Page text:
Recently, this blog covered the federal government’s increasing intolerance of cybersecurity incidents. The Office of Foreign Asset Control (“OFAC”) has tightened controls on paying ransom to fraudsters. Meanwhile, federal banking regulators now require financial institutions to provide notice within 36 hours of detecting a cybersecurity incident. However, the federal government is not the only entity losing patience with the proliferation of ransomware attacks. Your insurance company is fed up, too.
All of the high profile ransomware attacks throughout 2020 and 2021 took a toll on their victims and insurance companies. Due to the volume of claims, many industry reports show that loss ratios for insurance claims on ransomware policies approaching 70%. Higher loss ratios mean insurance companies are paying an increasing portion of premiums out to cover claims.
Losses at this level are not sustainable, so something has to change. Some insurance carriers have started to exit the market entirely. For carriers still offering insurance, insureds may see their premiums increase by as much as 50% to 100%. Organizations that can still get coverage are also seeing maximum limits of coverage reduced. In other words, insurance for cybersecurity events, if you can get it, is more expensive and covers less.
This blog has previously covered disputes between insureds and their insurance companies over coverage in the wake of a cybersecurity event. Insurance disputes often focus on whether “cyber-insurance” covers losses when employees are tricked into sending funds to fraudsters.
Ransomware insurance policies had been a relatively quiet corner of the market, because whether coverage was available was a relatively clear issue. However, insurance companies are now taking a stricter view of whether coverage is available to cover ransomware, and changing what policies cover in order to limit claims. This can leave insureds with a difficult decision regarding whether to pay ransom demands. Either the insured can pay the ransom and risk not having insurance coverage, or decline to pay the ransom and risk losing their data.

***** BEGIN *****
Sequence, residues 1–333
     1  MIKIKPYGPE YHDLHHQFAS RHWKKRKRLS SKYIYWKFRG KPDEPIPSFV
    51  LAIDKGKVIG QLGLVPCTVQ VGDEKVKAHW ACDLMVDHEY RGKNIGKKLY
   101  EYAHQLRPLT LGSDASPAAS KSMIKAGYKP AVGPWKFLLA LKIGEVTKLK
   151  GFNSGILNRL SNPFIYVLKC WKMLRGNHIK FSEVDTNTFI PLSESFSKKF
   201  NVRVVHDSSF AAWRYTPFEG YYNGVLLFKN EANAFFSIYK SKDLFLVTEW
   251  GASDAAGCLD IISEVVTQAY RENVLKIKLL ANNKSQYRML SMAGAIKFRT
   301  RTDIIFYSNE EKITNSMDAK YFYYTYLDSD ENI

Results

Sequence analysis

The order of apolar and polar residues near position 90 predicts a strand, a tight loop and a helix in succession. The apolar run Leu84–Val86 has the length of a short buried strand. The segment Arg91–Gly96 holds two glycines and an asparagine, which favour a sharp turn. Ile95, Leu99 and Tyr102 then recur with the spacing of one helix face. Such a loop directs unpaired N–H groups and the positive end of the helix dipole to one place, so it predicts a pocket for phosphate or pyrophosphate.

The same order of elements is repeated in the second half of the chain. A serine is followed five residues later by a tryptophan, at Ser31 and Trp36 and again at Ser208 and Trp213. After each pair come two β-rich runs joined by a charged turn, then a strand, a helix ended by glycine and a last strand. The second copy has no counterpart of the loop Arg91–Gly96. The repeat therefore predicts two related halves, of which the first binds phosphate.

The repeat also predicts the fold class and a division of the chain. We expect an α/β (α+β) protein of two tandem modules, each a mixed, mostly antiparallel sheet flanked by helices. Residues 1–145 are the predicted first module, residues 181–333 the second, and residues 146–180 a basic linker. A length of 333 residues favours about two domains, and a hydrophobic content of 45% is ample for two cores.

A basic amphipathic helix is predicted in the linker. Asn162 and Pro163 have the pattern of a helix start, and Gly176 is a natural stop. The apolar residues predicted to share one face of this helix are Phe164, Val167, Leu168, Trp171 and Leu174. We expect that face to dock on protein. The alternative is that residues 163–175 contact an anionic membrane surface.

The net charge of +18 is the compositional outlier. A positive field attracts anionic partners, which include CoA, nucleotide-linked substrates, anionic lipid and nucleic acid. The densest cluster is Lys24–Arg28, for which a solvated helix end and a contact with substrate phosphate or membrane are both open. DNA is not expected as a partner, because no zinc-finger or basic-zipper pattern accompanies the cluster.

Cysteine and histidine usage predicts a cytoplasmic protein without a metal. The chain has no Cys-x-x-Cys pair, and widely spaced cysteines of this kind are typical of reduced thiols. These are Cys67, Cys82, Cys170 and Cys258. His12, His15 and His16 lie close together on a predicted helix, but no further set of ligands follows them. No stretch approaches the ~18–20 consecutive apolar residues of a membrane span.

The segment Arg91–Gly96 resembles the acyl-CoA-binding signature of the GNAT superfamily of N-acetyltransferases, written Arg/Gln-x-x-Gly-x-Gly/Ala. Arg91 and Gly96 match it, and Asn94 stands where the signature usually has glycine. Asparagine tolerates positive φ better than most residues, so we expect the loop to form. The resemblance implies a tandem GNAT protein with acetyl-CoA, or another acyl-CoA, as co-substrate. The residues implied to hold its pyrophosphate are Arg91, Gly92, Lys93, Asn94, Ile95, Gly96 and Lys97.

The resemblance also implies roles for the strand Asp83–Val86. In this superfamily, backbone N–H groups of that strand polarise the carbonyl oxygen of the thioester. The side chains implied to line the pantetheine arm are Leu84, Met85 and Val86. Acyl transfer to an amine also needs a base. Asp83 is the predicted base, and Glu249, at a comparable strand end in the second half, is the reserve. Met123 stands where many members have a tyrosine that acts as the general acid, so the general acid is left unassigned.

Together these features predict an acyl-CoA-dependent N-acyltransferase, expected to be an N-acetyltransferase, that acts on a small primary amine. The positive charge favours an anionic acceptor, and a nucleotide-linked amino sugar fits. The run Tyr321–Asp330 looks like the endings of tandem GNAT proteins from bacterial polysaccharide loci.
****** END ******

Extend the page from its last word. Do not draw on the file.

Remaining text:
Insurance has also never been more important for covering costs associated with new regulatory burdens. As we recently explained, banking regulators’ new 36-hour cybersecurity incident notice rule means banks will need to promptly engage qualified computer forensic teams to assess the scope of cybersecurity incidents. Many insurance policies that cover cybersecurity incidents require use of a specific vendor. If insureds find themselves in a dispute with a carrier over whether a claim is covered, they may lose precious time working with a policy’s mandated vendor.
Organizations face more risk than ever before from cybersecurity incidents. In the wake of a cybersecurity event, organizations should still immediately notify their insurance carriers of a potential claim. With growing uncertainty surrounding the availability of insurance coverage, however, insureds may also need to engage with legal counsel early in the claims process in order to evaluate the availability of coverage.
Shareholder Attorney John Lande is chair of Dickinson Law’s Cybersecurity, Data Breach, & Privacy practice group. For more information on his practice, click here.